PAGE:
What is a correlation coefficient?

A correlation coefficient is a value that quantifies the relationship of two or more variables. In linear correlation the coefficient quantifies the strength and direction of the correlation between the variables.

One type of correlation coefficient is the Pearson product-moment correlation coefficient, also known as r, which measures linear correlation and provides a value between -1 and +1.

  • 1 is total positive correlation
  • 0 is no correlation
  • −1 is total negative correlation


             Positive Correlation                                  No Correlation                                       Negative Correlation

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If two variables have a strong positive correlation, then the r value will be nearer to +1; i.e.  x increases as y increases; if they have a strong negative correlation then the r value will be nearer to -1; i.e.  x increases as y decreases. A strong positive correlation is generally considered to be a value between +0.8 and +1; with anything below +0.5 considered to be weak.

How to calculate correlation coefficients

To measure R, the strength of a correlation, the covariance (the dependence between variables) needs to be determined and then divided by the product of the variables’ standard deviations. There are a few different types of formula to determine the correlation coefficient, I used the below formula, which for my data meant:

n = size

x = profit

y = sales

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This formula can appear pretty daunting, but once you break it down into parts and understand what each part means, it becomes much easier to translate this into a Tableau calculation.

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Part 1:

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Which simply means 1/(SIZE()-1)

Tableau already has a SIZE function which you can use.

Part 2:

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We can just use the WINDOWSUM function in Tableau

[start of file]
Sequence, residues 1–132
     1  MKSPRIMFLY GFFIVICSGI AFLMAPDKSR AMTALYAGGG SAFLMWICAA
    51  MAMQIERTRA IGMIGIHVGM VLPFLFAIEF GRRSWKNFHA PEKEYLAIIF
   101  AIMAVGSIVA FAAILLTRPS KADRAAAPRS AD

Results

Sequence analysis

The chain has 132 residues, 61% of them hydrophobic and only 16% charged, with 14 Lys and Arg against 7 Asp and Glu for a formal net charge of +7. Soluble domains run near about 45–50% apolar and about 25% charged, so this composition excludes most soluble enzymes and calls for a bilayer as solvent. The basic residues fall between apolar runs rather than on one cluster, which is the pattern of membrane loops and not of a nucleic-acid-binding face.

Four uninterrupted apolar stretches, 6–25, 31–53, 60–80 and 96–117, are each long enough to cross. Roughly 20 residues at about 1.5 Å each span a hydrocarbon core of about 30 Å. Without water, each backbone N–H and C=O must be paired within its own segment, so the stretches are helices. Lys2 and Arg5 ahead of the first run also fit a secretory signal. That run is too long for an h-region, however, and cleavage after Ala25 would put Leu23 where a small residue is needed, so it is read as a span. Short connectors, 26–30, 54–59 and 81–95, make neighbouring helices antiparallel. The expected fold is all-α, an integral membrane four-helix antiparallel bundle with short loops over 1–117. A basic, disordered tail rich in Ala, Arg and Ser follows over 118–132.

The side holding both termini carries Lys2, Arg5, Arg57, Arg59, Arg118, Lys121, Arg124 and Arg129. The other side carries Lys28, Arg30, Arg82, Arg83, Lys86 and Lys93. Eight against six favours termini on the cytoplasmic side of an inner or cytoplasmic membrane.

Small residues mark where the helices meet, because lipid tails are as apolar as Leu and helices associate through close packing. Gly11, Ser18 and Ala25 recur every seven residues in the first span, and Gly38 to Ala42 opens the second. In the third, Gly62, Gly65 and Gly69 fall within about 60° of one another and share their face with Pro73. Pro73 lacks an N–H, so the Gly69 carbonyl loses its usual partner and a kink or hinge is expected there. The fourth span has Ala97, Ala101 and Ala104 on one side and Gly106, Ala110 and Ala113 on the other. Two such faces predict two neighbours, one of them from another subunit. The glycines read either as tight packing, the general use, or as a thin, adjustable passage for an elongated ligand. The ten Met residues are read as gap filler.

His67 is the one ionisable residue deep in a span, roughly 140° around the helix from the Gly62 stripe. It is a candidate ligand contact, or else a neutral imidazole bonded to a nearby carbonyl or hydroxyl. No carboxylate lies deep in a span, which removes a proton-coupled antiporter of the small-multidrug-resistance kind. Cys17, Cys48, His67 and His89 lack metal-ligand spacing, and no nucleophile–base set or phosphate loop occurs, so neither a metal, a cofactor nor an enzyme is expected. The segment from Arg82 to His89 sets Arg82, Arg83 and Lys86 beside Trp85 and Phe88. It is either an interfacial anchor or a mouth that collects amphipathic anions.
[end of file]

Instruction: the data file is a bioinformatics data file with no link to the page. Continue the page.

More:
Part 3:

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For this part, xi = sum of profit, and  mean of profit, i.e. the window average of the sum of profit, and sx is the standard deviation of profit. Therefore we need to subtract the mean from the sum of profit and then divide that by the standard deviation:

(SUM([Profit])-WINDOW_AVG(SUM([Profit]))) / WINDOW_STDEV(SUM([Profit])))

Part 4:

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Part 4 is exactly the same as part three except we need to swap profit for sales. i.e.

(SUM([Sales])-WINDOW_AVG(SUM([Sales]))) / WINDOW_STDEV(SUM([Sales])))

When you have all these parts, we need to multiply them by each other. It is crucial at this point to ensure that all the parentheses are in the correct places so that you get the correct r value.

So the final formula is:

1/(SIZE()-1) * WINDOW_SUM(( (SUM([Profit])-WINDOW_AVG(SUM([Profit]))) / WINDOW_STDEV(SUM([Profit]))) * (SUM([Sales])-WINDOW_AVG(SUM([Sales]))) / WINDOW_STDEV(SUM([Sales])))

So now to use this formula in Tableau.


Step 1: Build your view

I built a simple view (using Superstore Sales) to see if there was any correlation between sales and profits per category. I put Category and Sum(Profit) on Rows, Sum(Sales) on to Columns, and Customer Name on to Detail.

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Step 2: Create a calculated field

Next, I brought in my correlation coefficient formula and created a calculated field.

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Step 3: Drag to colour

Next I simply dragged my correlation coefficient calculation on to colour. However, similar to my Z-Scores formula, because this calculation using a Table Calculation, it needs to be computed by something. Therefore, we need to right click, select Compute Using, and click on (in this case) Customer Name (because that is what our view is detailing).

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Now we can see the strength of the correlation between profits and sales for each of the categories. The darker the colour the stronger the correlation.

A few final things that can be done:

  • Add a trend line
  • Put your correlation calculation on to your tooltips

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  • Bring other dimensions into the view, e.g. Region

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